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Fran Geall, pictured with her fiance Stacey, had her memory wiped by a rare brain infection. (PA Real Life)
A brilliant marine biologist has told how she woke up an “entirely different person” with no memory of her previous life because of a rare condition that causes the body to attack its own brain cells.
Fran Geall, 25, from Falmouth, Cornwall, who has a masters degree, was struck down with the auto-immune condition encephalitis, which wiped all recollection of her £50,000 (approx. $66,000) five- year university education.
As well as forgetting her time in academia, Geall said she no longer knew some of her closest relatives and friends – including her niece and her partner’s family, explaining: “With people I’m told I’ve known for years, it can be like meeting them for the first time, which is really sad. I also feel like I’m meeting myself again, because I have absolutely no idea who I was before all this was.”
“People say there’s a new Fran, that I’m a different person and they’re having to accept that. I’m not so sure if I like the new Fran, though,” she said. “All I want is to get back to the old me, who achieved so much and built so many loving relationships.”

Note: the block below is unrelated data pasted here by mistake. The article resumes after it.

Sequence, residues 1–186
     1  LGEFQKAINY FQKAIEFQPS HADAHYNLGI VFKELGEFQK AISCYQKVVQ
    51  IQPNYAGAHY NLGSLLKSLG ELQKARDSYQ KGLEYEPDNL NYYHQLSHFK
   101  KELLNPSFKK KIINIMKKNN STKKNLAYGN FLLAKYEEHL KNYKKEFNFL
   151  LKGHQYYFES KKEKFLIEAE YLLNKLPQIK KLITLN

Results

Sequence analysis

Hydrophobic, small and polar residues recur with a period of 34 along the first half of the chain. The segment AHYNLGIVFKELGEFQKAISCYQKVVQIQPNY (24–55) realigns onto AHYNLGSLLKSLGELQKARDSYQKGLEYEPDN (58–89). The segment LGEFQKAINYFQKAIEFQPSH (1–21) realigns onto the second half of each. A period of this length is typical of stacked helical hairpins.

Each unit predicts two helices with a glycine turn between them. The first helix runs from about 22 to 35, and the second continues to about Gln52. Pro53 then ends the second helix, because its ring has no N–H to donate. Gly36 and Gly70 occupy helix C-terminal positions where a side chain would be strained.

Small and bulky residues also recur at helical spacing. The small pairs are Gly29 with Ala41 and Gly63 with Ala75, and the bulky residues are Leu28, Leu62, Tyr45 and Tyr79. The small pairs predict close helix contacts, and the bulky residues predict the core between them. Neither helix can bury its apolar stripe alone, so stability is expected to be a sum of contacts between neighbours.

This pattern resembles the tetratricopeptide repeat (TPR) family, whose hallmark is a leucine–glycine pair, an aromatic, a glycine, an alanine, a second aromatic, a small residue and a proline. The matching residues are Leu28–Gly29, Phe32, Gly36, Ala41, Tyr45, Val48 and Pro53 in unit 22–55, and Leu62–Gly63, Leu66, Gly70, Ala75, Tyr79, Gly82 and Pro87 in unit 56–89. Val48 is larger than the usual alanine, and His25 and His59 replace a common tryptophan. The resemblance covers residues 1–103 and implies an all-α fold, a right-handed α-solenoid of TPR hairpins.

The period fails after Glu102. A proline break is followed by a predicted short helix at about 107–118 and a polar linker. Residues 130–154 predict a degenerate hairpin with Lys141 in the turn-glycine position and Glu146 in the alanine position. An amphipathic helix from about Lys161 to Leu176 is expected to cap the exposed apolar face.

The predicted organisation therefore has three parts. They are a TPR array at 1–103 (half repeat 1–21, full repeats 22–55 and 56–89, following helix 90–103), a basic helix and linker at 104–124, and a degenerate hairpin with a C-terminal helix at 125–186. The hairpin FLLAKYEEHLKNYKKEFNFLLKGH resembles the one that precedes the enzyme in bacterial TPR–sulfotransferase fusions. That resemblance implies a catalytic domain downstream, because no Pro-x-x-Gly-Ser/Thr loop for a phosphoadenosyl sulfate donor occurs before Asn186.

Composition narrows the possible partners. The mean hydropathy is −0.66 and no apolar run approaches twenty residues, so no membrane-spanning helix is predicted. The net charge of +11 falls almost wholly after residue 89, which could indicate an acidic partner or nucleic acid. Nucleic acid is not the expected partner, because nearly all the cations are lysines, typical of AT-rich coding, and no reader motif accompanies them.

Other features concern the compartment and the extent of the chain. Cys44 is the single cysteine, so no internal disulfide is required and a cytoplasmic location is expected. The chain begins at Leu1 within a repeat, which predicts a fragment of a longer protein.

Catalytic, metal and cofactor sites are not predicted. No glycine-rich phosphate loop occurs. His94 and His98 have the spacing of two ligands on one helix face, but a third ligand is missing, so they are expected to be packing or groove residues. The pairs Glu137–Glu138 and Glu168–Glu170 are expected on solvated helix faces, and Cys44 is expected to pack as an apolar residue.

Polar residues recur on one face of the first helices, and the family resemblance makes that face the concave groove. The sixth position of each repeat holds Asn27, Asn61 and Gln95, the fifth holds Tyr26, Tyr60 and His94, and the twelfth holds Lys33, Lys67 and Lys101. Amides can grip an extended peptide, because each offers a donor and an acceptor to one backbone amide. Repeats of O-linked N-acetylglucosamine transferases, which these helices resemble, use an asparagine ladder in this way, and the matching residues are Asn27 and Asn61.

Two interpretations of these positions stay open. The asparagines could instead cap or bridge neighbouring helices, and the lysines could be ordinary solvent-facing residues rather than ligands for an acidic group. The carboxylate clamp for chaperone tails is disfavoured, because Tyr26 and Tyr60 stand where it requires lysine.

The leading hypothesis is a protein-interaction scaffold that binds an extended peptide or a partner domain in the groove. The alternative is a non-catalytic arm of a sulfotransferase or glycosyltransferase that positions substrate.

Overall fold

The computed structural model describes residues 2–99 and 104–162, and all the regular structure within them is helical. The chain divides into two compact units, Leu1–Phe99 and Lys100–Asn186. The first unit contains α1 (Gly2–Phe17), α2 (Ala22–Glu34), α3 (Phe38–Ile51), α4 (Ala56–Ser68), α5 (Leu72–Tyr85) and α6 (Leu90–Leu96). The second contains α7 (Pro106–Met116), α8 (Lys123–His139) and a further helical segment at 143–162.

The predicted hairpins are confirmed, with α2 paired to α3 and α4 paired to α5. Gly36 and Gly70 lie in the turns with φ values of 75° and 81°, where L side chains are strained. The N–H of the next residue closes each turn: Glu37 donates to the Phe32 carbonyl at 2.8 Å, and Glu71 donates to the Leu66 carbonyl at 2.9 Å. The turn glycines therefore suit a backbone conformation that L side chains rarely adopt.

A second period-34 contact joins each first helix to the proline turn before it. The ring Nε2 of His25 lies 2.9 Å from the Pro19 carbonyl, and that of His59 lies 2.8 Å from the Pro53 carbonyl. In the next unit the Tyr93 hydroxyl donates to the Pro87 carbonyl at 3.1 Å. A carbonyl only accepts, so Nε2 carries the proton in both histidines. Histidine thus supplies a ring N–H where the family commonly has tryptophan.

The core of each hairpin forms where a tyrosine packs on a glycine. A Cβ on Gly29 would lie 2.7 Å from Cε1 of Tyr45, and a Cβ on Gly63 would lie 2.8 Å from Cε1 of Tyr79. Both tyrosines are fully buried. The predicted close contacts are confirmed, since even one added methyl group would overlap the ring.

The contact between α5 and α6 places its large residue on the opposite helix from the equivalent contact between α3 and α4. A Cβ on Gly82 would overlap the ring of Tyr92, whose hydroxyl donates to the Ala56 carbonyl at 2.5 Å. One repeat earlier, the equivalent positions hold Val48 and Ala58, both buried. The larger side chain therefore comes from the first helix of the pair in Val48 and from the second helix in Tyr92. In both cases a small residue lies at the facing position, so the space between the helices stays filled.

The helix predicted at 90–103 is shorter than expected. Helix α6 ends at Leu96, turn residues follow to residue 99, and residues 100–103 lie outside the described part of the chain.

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As “old Fran,” she completed an undergraduate degree in marine biology, before being awarded a Master of Science in sustainable agriculture from Plymouth University.
Keen to work in ethical agriculture in January 2018 she landed her “dream job” working as a business development manager for an oyster company in Whitstable, Kent.
In December 2015 she had also become engaged to marry the love of her life, teacher Stacey Tonkins, 29, who she had met at university in 2014.
But her happiness was shattered in March this year when she began suffering from migraines so crippling that she was forced to stay in bed for a week.
She saw her doctor and once visited the emergency room, but doctors thought she had pulled a muscle in her neck, as she could not put her chin to her chest.
Geall was struck down with encephalitis – a potentially deadly condition that causes swelling on the brain. (PA Real Life)
Then, one morning in March, she began having a seizure in bed and it became clear something was very wrong – prompting Tonkins to call an ambulance to rush her straight to Kent’s Ashford Hospital, where she was immediately put into an induced coma.
Coming to a week later, she seemed like a completely different person.
Unable to read, walk or speak for several weeks, she is still having to relearn many basic life skills.
“Doing the simplest things, like using a computer or navigating around a supermarket have now become very difficult,” said Geall. “But what is heartbreaking for me is that my intellect, which was like my superpower, is now gone, and all the years I spent learning facts and learning about the natural world has been wiped out like chalk on a blackboard.”
Despite having scant memories of her life before her brain condition, fortunately, Geall said she still feels an instinctive emotional link to many of her loved ones, such as Tonkins her parents and her siblings.
But she has no recollection at all of her sisters-in-law or her niece and is now having to rebuild these relationships from scratch.